who performed euthanasia, but the court did find Dr. van Ooijen guilty of murder], BRABANTS DAGBLAD,
Feb. 22, 2001. The seemingly paradoxical ruling (doctor guilty of murder, no punishment) is typical of
the Dutch legal situation.
W. van den Linden, Zij moest eerst . . . Het dossier van Bommelen: een geval van euthanasie? [She had
to go first . . . The Van Blommelen file: A case of euthanasia?] (Strengholt Pub., Naarden 1984); G.A. Lindeboom, Een z.g. euthanasie-drama [The drama of the so-called euthanasia], 11 VITA HUMANA 100 (1984).
Other People’s Lives: Reflections on Medicine, Ethics, and Euthanasia
ency,726 to relieve, not the patient, but his family,727 out of social-Darwinist bias against
people with disabilities,728 and even out of doctor’s impatience, in a burst of anger.729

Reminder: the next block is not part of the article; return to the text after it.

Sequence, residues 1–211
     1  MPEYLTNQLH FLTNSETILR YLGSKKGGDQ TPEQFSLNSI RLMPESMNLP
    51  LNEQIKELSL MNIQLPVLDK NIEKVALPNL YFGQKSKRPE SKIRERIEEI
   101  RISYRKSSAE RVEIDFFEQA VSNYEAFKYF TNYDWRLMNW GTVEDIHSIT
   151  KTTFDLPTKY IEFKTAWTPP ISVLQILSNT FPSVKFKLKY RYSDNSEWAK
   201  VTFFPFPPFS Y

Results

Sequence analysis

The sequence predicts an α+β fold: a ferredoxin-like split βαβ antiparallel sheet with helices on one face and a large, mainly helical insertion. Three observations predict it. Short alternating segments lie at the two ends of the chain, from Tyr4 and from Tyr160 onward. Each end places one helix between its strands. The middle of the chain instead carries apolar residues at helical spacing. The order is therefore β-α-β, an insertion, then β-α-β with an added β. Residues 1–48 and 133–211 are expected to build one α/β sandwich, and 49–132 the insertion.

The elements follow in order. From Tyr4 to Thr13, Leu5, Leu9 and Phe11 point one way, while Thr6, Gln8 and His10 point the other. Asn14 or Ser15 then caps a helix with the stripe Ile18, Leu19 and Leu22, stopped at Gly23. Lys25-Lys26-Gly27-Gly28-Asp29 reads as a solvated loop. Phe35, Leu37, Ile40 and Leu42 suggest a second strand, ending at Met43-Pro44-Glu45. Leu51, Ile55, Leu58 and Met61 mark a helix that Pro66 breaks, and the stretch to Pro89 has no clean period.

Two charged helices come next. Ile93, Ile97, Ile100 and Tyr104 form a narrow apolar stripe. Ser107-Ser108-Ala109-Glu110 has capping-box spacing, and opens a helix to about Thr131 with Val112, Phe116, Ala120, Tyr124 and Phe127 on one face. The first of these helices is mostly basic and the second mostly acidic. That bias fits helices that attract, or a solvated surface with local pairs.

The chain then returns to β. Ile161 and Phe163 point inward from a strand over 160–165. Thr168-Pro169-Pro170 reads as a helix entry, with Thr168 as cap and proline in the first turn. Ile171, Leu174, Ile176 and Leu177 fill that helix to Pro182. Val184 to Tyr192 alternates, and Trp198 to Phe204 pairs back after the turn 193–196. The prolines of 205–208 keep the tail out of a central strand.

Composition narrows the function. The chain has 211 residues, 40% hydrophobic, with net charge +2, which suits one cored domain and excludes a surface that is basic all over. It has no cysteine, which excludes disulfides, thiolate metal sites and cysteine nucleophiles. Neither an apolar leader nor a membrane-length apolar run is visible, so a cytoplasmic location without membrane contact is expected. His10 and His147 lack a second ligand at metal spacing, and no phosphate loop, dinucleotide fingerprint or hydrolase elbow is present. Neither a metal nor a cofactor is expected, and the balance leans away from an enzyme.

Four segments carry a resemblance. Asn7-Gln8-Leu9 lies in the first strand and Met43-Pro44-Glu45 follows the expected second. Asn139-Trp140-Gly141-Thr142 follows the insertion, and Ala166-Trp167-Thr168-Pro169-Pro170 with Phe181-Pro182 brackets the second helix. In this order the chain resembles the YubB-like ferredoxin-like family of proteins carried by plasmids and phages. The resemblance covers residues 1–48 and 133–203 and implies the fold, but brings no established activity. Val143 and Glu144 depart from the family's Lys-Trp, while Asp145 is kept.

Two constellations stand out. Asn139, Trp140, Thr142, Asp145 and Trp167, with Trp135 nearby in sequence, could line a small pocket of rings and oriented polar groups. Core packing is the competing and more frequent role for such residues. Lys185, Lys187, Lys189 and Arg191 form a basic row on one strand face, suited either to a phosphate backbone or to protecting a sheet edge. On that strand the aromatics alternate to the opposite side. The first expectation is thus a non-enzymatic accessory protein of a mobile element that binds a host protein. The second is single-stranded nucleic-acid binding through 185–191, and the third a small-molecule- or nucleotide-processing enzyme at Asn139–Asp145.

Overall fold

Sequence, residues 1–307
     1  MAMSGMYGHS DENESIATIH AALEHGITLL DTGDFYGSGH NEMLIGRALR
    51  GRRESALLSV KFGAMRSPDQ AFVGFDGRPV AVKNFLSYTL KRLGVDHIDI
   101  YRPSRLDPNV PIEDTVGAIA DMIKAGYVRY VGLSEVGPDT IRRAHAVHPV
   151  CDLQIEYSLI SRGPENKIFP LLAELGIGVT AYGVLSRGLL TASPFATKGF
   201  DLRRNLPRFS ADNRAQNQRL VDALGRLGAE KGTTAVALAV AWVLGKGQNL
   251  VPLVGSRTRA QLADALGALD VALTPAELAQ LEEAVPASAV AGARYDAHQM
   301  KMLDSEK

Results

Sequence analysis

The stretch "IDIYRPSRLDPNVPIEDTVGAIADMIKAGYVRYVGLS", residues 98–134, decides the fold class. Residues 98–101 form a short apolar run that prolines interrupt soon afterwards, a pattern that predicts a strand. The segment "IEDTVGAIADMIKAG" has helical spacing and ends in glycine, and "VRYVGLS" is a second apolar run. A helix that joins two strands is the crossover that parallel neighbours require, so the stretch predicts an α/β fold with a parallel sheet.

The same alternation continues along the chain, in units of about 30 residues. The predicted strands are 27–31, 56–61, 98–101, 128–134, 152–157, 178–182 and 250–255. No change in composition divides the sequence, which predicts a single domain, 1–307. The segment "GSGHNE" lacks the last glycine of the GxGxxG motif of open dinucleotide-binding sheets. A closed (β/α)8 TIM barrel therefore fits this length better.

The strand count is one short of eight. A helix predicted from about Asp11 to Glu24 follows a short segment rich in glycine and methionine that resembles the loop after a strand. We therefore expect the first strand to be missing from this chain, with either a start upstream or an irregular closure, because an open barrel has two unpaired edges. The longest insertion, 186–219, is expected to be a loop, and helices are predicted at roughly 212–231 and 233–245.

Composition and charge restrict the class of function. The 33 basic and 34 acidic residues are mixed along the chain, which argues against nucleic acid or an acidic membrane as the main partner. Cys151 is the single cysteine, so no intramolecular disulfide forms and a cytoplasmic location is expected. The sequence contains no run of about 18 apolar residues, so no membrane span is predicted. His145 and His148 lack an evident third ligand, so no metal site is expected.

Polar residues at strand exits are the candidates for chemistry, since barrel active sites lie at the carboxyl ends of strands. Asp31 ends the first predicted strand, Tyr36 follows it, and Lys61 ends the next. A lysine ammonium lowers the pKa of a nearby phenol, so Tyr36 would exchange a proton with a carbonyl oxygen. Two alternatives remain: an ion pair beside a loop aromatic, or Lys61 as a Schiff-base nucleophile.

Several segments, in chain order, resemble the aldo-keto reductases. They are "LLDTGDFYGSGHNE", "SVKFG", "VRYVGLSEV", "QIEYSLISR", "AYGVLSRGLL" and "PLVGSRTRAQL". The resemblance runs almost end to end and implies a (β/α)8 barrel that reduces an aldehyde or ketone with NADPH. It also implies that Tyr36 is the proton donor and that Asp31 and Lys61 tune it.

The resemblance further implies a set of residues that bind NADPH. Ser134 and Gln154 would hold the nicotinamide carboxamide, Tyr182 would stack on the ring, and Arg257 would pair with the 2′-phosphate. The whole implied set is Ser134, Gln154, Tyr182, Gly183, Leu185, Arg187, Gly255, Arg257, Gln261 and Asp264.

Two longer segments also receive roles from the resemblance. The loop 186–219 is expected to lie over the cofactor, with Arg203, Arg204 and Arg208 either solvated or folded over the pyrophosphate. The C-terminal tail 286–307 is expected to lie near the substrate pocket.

And in the United States? What exactly were the intentions of the obstetrician
and the parents who decided to let a baby with Down syndrome die?730 Was the best
interest of the child (however, they understood that interest) their sole consideration?
Wasn’t there an intention to spare the parents, and the community, the psychological
and material burden of raising a child with disabilities?
And when some of us plead for putting the comatose persons or the severely
disabled infants out of their misery, are we absolutely certain that only compassion and
concern about their dignity are our motives? Isn’t there a component of repugnance?
And of instinctive fear and hate?
What were the motives of the spiritual father of American euthanasia, professor
Joseph Fletcher, when he demanded that “an idiot” be given a lethal injection?731 When
he recommended death for those he called “monsters,” “subhumans,” and “no more
Nazi euthanasia was the work of people motivated by hate and repugnance,
although some people involved had misguided good intentions. The tenor of the present-day pro-euthanasia movement in the Western nations is the noble striving to liberate